John Oliver discusses PFAS — a class of chemicals linked to an array of health issues — and why their widespread use isn’t as magical as it may seem.Continue reading
Chemistry in MakeUp [Video]
What are you actually putting on your face?
If you use makeup, have you ever wondered what you’re actually putting on your face?
These days, most makeup is made in the lab. And a lot of how makeup works, whether you’re trying to darken your eyelashes or smooth out your complexion, depends on its chemistry.
You might find these other posts about cosmetics interesting as well:
💚 DIY Organic Cosmetics [Infographic]
💚 Make your own All Natural Homemade Blusher/Bronzer
💚 Homemade Makeup Remover
💚 Cruelty Free Make-Up Brands [Chart]
💚 Reusing Makeup and Makeup Containers
DIY Organic Cosmetics [Infographic]
[Versión traducida al Español aquí]
“The effects of makeup on your health are more than just skin-deep. Your makeup bag harbors more horrors than you can shake a sharp stick at: everything from lead to asbestos and quite a few nasty things in between. Some of the ingredients moonlight as stabilizers for pesticides and industrial cleaners. Can we all agree that something that’s used to clean a factory floor probably shouldn’t be cleaning your delicate face?”
Green Your Laundry Routine [Infographic]
“Why should you care about greening your laundry? For starters, many of the chemicals found in common laundry products are hazardous to both humans and the environment (and many more have not been thoroughly tested for safety). Any product that clothing is exposed to – including detergents, fabric softeners, and dryer sheets – coats the fabrics in residues that inevitably come in contact with skin. Effects of direct or airborne exposure to these pollutants can include headaches, dizziness, respiratory issues, and even cancer. Chemicals from these products can also contaminate soil and groundwater after entering the sewer system, and are toxic to marine life.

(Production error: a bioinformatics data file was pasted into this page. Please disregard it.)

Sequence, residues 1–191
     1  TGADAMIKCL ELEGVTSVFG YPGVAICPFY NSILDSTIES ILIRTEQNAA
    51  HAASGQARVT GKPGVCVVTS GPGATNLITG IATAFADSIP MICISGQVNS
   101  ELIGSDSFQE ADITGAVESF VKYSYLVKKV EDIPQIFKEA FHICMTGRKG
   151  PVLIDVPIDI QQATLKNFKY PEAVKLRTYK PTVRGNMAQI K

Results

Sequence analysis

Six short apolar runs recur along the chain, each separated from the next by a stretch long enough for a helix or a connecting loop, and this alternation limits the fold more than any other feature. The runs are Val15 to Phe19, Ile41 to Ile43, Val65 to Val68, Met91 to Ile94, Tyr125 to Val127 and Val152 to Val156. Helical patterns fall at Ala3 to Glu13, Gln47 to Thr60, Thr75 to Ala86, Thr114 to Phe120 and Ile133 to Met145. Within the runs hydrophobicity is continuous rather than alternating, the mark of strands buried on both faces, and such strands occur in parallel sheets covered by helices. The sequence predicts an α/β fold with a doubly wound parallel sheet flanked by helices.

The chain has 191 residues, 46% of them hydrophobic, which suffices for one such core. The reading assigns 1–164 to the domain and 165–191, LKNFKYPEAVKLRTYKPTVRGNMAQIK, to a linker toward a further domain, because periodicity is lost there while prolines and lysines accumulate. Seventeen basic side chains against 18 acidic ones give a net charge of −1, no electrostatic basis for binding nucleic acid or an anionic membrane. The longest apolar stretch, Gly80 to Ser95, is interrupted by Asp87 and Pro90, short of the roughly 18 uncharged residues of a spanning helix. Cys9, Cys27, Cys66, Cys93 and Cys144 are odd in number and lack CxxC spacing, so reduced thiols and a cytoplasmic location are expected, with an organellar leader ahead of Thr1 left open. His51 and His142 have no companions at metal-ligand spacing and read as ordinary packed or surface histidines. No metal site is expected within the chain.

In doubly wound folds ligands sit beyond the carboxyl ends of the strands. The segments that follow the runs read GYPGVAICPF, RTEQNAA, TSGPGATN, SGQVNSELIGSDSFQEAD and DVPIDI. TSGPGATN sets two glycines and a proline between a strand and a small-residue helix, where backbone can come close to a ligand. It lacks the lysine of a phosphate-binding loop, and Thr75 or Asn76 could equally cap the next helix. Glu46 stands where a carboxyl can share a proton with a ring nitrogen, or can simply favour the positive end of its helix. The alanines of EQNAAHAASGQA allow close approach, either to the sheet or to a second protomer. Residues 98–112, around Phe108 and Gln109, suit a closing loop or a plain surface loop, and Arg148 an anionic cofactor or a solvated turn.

Disappointingly, products labeled “green,” “natural,” or “organic” have been found to emit just as many dangerous chemicals as standard consumer goods. Many of these chemicals are considered carcinogenic and contribute to air pollution. “The Environmental Protection Agency (EPA) warns that indoor pollution from cleaning products is likely to be hazardous to health, but there are no federally enforceable standards for their use in the home.”
Replace Toxic Household Products with Coconut Oil [Infographic]
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Infographic by CustomMade
Coconut oil is best known as a curry ingredient, smoothie additive, and beauty product. It also belongs in the cleaning cabinet as a natural and powerful cleanser and polisher.
If you haven’t switched to non-toxic household products yet, now is the time. Each year the U.S Poison Control hotline receives thousands of calls regarding accidental poisoning by common household cleaners and products. The Environmental Working Group (EWG) warns that 53 percent of the household cleaners they reviewed contain ingredients that can harm our lungs. Some products also contain carcinogens, such as formaldehyde and chloroform. Even more concerning, just seven percent of cleaners adequately disclose harmful ingredients. And the EWG warns many commercial “green cleaners” are equally misleading.
But there’s good news: Keeping a house clean does not require the use of any toxic chemicals. Simple, inexpensive ingredients, such as baking soda, vinegar, lemon, and salt get the job done.
Coconut oil is a must-have ingredient to add to the mix. Traditional island communities have used coconuts and their sweet-tasting oil for thousands of years. Modern research suggests the oil has powerful antibacterial, antiviral, and antifungal abilities. It can handle the toughest scrubbing, reconditioning, and greasing jobs.
Ready to become a clean, green, coconut oil machine? Read on to learn how to replace expensive products and clean and polish every room in the house with coconut oil.
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